IVF increases the chances of pregnancy but provides no guarantees. Roughly 30 percent of cycles in 2015, the most recent data available, resulted in a live birth. Each cycle would cost us more than $15,000, with insurance covering just a fraction. The budgeting we could handle (my Midwestern roots take a special kind of satisfaction in frugality). The needles I could not. Thankfully, I married a man with a much stronger constitution. Matt prepped the meds and administered the shots each night, pinching my belly fat—a necessary, unsexy step in a wildly unsexy process.
Matt also accompanied me to every doctor’s appointment, too many to count. It was a relief to have him by my side in the silent, stress-inducing waiting room on Manhattan’s Upper East Side. We weren’t going to make a baby with a Champagne-fueled, rose-petal-laden romantic evening. But we were making a baby together.
That first IVF cycle was almost ... exciting? My body responded well, yielding a veritable chicken coop’s worth of eggs. We transferred two of the four viable embryos we had ended up with after fertilization and—huzzah—one took. I was pregnant. Until I wasn’t. During a routine ultrasound at the end of my first trimester, my doctor squinted at the screen. My heart began to race as it became clear there was no heartbeat at all—the result of a chromosomal abnormality.
In our blind determination, we doubled down with dizzying back-to-back attempts. After a second unsuccessful transfer, a second full round of IVF, and then a third unsuccessful transfer, my body’s response tanked. After our third round of IVF, we had no suitable embryos left to transfer at all.
Our world grew very small. We distanced ourselves from friends with children and kept date nights to a minimum to pinch pennies. Adrift and despondent, we met with a counselor to talk about donor sperm and attended an adoption information session. We talked endlessly about what is known in the fertility world as “child-free living.”
We resolved to try a doctor at another clinic. He suggested a costly additional step: genetic testing. The lab would remove a single cell from a five-day-old embryo and ship it off to a lab for chromosomal testing. He also tweaked my meds, and my body bounced back. And at that cycle we had another four embryos reach the testing stage.
A nurse called with the results a few weeks later while we were staying at a friend’s house in the Hamptons. “Two!” I shouted at Matt, tears already welling in my eyes. Two viable embryos! We toasted the news with mimosas poolside before noon. Fear crept back in when my doctor called to discuss next steps and shared the gender. The news humanized the embryos and upped the ante in my mind.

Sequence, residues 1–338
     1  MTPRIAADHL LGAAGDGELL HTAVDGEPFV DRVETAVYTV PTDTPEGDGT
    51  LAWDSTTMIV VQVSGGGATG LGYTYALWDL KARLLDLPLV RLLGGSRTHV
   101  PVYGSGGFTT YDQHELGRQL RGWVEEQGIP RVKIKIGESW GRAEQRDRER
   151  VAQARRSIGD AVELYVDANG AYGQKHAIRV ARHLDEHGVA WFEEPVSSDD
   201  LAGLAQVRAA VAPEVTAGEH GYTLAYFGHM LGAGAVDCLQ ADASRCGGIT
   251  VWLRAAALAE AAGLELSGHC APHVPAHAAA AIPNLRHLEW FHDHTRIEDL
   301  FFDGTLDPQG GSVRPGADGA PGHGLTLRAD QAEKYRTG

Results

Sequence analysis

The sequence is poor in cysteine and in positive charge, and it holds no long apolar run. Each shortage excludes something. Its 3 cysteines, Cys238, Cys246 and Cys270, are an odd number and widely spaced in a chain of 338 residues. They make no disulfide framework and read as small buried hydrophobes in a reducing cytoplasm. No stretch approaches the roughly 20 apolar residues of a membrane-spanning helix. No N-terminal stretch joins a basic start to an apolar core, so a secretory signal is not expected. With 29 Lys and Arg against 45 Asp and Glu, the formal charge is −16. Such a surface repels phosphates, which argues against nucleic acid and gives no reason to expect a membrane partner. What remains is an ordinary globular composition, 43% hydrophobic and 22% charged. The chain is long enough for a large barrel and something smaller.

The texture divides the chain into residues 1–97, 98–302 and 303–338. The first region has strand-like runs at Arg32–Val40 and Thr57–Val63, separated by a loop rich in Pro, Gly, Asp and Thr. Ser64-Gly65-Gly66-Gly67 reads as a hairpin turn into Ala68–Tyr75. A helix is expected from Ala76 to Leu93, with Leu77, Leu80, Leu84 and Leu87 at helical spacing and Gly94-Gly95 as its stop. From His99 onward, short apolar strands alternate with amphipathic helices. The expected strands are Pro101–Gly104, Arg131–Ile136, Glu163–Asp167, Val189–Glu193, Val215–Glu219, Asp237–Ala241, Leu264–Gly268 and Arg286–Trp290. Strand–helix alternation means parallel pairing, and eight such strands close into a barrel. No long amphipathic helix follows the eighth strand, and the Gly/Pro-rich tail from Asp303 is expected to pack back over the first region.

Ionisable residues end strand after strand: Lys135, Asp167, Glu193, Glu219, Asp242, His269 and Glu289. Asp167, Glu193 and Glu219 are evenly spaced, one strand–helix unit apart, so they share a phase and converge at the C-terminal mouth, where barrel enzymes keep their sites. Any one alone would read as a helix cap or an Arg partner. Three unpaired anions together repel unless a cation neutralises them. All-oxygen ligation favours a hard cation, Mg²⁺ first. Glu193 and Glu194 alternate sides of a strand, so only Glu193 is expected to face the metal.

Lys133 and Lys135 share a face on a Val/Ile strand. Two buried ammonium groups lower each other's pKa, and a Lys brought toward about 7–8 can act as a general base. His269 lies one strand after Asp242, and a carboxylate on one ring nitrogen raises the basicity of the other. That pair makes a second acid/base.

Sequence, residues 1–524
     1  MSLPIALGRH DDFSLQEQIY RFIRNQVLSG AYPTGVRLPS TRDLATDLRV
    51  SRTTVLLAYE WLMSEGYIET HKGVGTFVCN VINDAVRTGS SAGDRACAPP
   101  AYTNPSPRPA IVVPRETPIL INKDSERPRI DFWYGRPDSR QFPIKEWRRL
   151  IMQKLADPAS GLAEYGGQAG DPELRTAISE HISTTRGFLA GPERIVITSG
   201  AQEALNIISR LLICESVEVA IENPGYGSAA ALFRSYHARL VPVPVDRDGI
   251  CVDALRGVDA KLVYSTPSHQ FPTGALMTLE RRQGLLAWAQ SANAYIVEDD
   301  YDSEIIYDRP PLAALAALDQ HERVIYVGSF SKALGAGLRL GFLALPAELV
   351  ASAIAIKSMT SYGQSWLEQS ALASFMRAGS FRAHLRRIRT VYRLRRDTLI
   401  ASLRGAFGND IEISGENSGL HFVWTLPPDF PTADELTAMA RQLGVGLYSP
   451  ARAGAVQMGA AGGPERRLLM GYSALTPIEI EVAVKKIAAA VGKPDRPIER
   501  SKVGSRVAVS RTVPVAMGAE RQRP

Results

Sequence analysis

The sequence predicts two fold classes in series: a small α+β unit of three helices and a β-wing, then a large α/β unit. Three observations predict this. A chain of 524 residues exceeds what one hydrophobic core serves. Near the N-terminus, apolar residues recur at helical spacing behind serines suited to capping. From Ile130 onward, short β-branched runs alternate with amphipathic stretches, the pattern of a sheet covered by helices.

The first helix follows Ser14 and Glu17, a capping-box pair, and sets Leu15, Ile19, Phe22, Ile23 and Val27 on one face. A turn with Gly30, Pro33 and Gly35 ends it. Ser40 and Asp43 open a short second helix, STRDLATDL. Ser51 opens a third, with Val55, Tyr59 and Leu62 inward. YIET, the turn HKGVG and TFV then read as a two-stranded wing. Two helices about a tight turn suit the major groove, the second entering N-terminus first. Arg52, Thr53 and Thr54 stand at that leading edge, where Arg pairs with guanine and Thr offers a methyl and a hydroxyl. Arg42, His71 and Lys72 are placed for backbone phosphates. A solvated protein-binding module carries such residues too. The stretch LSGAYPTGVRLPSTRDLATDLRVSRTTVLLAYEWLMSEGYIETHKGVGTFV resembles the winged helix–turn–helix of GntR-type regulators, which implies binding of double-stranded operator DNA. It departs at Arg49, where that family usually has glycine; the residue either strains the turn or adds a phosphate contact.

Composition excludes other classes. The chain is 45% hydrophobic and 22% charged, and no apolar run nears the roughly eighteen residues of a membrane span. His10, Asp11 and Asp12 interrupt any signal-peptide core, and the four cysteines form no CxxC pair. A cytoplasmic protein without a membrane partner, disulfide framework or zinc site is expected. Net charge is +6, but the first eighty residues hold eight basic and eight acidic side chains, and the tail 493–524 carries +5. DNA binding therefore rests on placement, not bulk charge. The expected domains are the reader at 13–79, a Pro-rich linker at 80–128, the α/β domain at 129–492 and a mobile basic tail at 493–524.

On the brisk fall day when we transferred the first of those embryos, I lay anxious and alone on a frigid operating room table, my legs spread-eagle in stirrups. (Partners are not allowed in there, a policy I understand but don’t agree with.) Chicago’s “You’re the Inspiration” played overhead. I put my hands on my pelvis, said a little prayer, and began to plead. “Please, please, please,” I thought as the embryo entered my body. “Please stay.”
I sat for 10 minutes or so in the recovery room before the nurse told me I could go. “Shouldn’t I stay a little longer, just to be sure?” I asked. “You’re not a chicken,” she said, laughing. “It’s not going to fall out.” I tiptoed awkwardly into the waiting room and let Matt’s arms envelop me. Together we stared at the magnified portrait of the embryo given to us by the lab, studying the grainy image for hints of viability.
Nine months and 21 hours of labor later, our son Fitzgerald came into the world. Two years and 11 days after that, our second son, Oliver, was born. Hanging in our kitchen, alongside the ultrasound images from each pregnancy, are the pictures of those two viable embryos—two clumps of cells, our two little boys, Fitz and O. When the time comes to talk with them about how babies are made, I will take a deep breath, smile, and start with, “Not always how you’d expect.”